Barbados – What You Should Know About the Caribbean Island Known As "Little England"

Barbados has been an independent country since November 30, 1966. And yet the “Jewel of the Caribbean” is today still known as “Little England,” partly because no other country ever ruled the island, partly because large sections of its interior are lush and green like England, and partly because of lasting British traditions. Also, the bulk of tourists to the island are from the UK.

Barbados Under British Rule ~ Just the Facts

– The British landed along the west coast of Barbados in the 1600s, although it was the Portuguese who named the island Barbados, “the bearded ones,” for the appearance of the island’s fig trees.

– British settlers grew sugar cane and the largest plantations became very wealthy enterprises.

– The plantations would not have been profitable and productive without the slaves imported from Africa to work them.

– The British Crown saw local political power shift from the early British settlers to, gradually, beginning in the 1930s, the descendants of the slaves.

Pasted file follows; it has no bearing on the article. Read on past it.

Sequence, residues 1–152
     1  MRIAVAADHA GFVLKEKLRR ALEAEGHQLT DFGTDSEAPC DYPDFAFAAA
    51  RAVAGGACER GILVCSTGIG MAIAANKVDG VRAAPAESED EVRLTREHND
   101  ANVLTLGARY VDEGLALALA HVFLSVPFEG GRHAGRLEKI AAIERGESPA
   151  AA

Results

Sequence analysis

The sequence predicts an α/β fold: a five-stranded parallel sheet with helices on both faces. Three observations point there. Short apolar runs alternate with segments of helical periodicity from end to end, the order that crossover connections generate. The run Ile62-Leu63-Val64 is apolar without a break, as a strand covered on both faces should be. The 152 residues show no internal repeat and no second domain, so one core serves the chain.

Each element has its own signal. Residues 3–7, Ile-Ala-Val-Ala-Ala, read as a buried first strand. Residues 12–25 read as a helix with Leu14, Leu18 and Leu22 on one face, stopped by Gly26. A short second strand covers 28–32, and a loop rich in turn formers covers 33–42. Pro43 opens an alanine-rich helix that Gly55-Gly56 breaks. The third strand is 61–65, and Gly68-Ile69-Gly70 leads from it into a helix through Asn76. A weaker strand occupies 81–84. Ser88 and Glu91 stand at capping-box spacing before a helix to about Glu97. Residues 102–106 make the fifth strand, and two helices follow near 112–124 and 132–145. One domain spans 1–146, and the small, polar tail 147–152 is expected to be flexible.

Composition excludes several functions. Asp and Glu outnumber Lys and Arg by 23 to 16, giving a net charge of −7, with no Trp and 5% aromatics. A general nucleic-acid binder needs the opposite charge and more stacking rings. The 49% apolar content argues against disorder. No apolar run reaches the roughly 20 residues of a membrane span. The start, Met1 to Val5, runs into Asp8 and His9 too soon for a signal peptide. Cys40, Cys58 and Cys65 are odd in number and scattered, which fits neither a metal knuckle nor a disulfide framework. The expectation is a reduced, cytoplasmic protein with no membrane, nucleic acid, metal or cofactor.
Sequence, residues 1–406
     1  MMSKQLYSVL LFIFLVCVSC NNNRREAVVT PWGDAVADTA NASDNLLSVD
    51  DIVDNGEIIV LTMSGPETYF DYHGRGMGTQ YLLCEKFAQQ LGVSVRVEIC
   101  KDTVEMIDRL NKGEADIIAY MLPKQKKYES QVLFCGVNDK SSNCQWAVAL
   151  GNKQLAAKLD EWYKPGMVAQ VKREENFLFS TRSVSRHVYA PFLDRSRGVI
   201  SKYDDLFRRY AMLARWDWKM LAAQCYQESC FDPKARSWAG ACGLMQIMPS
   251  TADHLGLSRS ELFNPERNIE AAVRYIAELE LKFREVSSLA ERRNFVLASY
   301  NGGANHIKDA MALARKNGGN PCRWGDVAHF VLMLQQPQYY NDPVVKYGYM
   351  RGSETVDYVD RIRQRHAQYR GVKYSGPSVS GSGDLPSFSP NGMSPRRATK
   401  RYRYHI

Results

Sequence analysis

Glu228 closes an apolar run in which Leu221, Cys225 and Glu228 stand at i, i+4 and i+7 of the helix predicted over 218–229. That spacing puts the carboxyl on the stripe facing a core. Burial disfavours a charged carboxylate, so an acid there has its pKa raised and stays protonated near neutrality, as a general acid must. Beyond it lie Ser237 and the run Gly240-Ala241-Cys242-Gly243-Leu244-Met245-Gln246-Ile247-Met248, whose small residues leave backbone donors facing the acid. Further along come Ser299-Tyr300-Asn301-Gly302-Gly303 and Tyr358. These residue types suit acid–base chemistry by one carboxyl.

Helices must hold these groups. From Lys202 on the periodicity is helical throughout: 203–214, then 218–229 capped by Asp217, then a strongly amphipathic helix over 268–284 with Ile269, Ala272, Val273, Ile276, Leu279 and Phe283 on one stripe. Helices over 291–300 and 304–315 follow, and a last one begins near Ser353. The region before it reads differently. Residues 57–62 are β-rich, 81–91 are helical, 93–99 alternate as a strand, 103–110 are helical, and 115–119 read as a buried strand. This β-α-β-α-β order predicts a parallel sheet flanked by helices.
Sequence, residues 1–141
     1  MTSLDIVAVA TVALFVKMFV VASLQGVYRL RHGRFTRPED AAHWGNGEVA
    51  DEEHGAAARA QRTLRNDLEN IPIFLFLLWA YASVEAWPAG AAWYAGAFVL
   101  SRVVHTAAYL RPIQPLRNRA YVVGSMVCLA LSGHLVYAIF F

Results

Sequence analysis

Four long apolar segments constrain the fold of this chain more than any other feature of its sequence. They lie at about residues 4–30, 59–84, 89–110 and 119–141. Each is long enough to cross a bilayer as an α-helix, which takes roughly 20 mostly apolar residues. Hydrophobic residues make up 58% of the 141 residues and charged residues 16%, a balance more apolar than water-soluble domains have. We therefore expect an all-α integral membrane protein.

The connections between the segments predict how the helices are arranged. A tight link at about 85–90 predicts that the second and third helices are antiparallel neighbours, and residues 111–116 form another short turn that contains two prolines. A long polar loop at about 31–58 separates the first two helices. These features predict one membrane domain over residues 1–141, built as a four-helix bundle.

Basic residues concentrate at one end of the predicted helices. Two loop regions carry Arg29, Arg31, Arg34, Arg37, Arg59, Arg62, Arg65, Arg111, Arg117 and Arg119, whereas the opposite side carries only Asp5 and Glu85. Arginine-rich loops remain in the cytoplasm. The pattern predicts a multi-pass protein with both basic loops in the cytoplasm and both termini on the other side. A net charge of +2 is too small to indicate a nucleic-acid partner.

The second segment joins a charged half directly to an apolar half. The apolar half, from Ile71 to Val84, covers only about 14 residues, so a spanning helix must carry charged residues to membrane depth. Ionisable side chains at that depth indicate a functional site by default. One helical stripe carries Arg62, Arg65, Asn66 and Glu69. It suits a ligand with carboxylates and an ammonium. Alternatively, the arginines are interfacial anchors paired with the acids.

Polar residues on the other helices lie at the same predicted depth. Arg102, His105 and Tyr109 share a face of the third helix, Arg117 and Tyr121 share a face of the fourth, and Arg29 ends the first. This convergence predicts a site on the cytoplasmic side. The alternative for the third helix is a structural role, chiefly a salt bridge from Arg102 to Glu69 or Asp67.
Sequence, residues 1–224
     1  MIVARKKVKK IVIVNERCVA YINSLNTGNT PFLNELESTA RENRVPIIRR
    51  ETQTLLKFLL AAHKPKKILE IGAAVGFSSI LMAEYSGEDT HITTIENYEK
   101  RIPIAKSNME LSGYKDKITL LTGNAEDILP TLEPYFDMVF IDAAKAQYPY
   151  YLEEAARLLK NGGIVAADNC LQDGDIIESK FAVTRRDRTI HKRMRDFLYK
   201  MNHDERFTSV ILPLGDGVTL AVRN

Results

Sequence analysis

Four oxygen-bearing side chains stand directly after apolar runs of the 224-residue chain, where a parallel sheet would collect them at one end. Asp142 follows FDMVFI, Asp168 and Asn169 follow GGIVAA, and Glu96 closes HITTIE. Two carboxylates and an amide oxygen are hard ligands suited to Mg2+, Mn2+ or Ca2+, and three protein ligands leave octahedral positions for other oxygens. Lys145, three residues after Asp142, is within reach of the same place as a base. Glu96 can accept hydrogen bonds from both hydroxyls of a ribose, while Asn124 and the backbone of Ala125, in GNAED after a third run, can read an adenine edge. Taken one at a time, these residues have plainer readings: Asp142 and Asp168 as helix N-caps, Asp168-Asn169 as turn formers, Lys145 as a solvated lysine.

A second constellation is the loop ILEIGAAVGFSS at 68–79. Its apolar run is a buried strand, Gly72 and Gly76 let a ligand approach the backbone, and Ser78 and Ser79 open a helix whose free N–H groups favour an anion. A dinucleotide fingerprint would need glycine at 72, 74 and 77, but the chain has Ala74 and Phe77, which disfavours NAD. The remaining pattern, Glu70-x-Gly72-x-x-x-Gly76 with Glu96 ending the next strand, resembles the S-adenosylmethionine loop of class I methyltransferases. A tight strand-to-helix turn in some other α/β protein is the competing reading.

– Grantley Adams was the first to push for independence from British rule; he began the Barbados Labour Party in 1938 and by 1961 Barbados achieved the status of self-governing autonomy. The Barbados airport is named after this early and influential politician.

– After years of peaceful and democratic progress, Barbados became an independent state within the British Commonwealth on November 30, 1966. Under its constitution, Barbados is a parliamentary democracy modeled on the British system.

Barbados’ Independence Celebration

Each year on November 30 Barbados’ independence is celebrated not unlike America’s on July 4th. Barbados’ birthday begins with a parade in the Garrison Savannah, the former British military installation (and now a leading Caribbean race track and a very pretty grassy area steeped in history). (Actually, the British ran its military operation for all of the Eastern Caribbean from Barbados.)

Having traveled a great deal through the Caribbean, I notice that other countries look at Barbados as the “boring” island. It’s true: both Jamaica and Trinidad, for example, are bigger, bolder, more colorful, and brassier former children of the Crown. No matter; its low crime rate, peaceful politics, and high standard of living, Barbados quite happily accepts its role as the boring one of the lot.

This year, 2009, we celebrated Barbados’ 43rd birthday. Many happy returns!



Source by Jane Shattuck